The history of Reform Judaism is a history of change. Each generation of Reform Jews has sought to distinguish itself from its predecessors by innovating new practices, exploring new ideas, and finding new ways to express creatively what it means to be a Jew in the contemporary world. The most predictable thing in Reform Judaism has been the recurring experience of explaining why we need to change again just when we were getting used to the old way of doing things.
Here is an imaginary situation that I often use to describe the predicament of Reform Judaism. Imagine an older couple walking into a Reform congregation. They see a rabbi on the bimah wearing no robe, but with a rainbow-colored kippah on his head. They see a woman sitting in the congregation wearing a homemade, tie-dyed tallit. They look at each other and they ask, “When did we become Orthodox?”
Reform Judaism, as our name implies, is always changing. However, the change is not, as some suppose, just toward becoming more “traditional.” Rather than moving in one direction, Reform Judaism, since its earliest expressions, has moved in circles. We don’t just adopt traditional practices for tradition’s sake. Oh, no. We look toward the Jewish past, search for inspiration and spiritual meaning, and we bring back to the present the aspects of our tradition that speak to us. But, along the way, we also update them, give them new interpretations, and make them work in the contemporary world and for contemporary Jews. That is what it means to reform.
Let me give you an example. My father, who was raised in a highly Germanic, classical Reform congregation, recently asked me about Temple Sinai’s S’lichot service during the week before Rosh Hashanah. He had never heard of the practice before, and he said, “Is that some kind of new thing?” I said, “Well, yes and no.” (My father tells me that this is a very rabbinic way to answer any question.) The answer is, “No.” It’s not so new. Ashkenazic Jews have been making special S’lichot services late on the Saturday night before Rosh Hashanah for at least a thousand year. The answer is also, “Yes,” we have made it new. Reform Judaism has given new life to S’lichot by making it a time for modern poetry, music, watching movies, reflection, discussion and spiritual preparation for the Days of Awe. That is Reform.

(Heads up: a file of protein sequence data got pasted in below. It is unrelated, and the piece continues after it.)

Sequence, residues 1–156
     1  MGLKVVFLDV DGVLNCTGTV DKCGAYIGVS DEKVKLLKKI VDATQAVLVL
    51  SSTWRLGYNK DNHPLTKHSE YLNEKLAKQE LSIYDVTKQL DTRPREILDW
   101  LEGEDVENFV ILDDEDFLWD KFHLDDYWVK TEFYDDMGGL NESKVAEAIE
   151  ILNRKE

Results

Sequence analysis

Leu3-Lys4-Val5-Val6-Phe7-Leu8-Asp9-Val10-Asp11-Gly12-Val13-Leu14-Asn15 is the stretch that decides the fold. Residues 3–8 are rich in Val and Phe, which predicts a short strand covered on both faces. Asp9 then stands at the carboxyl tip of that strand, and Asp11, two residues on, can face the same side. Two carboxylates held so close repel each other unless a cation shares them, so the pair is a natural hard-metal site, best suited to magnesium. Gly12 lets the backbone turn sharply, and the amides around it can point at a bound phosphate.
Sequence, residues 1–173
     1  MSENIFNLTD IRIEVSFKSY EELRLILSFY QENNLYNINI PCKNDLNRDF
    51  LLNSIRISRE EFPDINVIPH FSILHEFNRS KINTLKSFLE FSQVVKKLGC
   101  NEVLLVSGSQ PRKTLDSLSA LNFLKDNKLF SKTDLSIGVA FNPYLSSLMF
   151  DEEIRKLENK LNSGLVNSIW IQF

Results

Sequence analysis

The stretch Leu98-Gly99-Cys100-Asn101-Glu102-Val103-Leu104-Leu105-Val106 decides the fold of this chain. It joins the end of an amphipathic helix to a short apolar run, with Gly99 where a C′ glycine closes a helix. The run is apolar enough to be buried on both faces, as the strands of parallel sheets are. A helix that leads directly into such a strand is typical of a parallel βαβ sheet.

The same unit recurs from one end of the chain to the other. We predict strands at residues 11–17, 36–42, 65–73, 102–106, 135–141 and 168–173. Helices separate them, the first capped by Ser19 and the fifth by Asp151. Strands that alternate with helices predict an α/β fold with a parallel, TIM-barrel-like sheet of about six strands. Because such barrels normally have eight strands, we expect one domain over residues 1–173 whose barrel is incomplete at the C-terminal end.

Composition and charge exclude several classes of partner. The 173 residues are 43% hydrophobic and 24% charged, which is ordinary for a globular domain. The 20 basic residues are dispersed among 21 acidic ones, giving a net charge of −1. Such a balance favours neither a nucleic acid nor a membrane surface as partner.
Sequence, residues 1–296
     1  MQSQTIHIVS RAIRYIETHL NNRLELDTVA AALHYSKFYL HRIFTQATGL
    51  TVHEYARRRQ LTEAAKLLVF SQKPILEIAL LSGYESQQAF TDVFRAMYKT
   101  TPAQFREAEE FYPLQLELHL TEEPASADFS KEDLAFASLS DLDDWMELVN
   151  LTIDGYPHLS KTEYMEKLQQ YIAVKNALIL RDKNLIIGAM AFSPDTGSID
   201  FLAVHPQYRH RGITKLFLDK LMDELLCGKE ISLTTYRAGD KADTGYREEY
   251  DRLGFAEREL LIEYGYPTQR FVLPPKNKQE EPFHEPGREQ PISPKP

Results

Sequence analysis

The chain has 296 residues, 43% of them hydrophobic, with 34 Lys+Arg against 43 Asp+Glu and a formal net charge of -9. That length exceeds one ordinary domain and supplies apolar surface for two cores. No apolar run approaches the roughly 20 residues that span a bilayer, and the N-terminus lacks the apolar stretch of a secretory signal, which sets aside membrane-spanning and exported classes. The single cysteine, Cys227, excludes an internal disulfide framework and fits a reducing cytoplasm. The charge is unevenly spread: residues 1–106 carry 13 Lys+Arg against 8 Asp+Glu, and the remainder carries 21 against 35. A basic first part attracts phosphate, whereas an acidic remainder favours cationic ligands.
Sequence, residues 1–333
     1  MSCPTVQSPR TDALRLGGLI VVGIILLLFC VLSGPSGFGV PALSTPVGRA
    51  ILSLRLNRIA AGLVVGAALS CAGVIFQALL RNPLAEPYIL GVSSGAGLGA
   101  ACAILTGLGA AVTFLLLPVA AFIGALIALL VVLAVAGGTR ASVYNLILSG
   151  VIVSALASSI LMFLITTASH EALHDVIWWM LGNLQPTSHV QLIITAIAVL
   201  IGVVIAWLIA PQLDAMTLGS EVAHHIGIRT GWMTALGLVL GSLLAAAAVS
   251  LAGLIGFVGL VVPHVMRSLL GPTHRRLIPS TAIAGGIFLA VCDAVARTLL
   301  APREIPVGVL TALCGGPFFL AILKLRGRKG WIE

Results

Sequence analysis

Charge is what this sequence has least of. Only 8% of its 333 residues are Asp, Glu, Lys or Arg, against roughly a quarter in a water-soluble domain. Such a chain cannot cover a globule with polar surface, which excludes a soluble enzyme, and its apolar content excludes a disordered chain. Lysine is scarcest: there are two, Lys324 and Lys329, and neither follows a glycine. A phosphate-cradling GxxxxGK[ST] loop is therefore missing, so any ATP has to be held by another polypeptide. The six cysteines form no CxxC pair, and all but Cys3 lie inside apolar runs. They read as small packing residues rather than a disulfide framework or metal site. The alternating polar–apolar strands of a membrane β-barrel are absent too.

Here is another image. This is a real one that I saw with my own eyes when I was a rabbinic student at Hebrew Union College in New York City. A fellow student was the daughter and the granddaughter of Reform rabbis. I remember sitting in the sanctuary at HUC during services one morning when the father and grandfather of my schoolmate came to visit her. The three of them sat together in the front row of the sanctuary – an elderly gentleman who had been ordained in the early 1950s, a middle-aged man who had been ordained in the late 1970s, and a young woman who would be ordained in 2001.
The grandfather wore a proper suit and tie, but nothing on the top of his head. The father wore a blazer and an open collar shirt, but he had donned a kippah for the service, and wore a plain white tallit off of the sanctuary’s tallit rack. My fellow student, the daughter and granddaughter, had on the kippah that she always wore. She also wore a multi-colored purple and green tallit. And, that morning, she was among the few students at HUC who put on tefilin, wrapped around her head and left arm.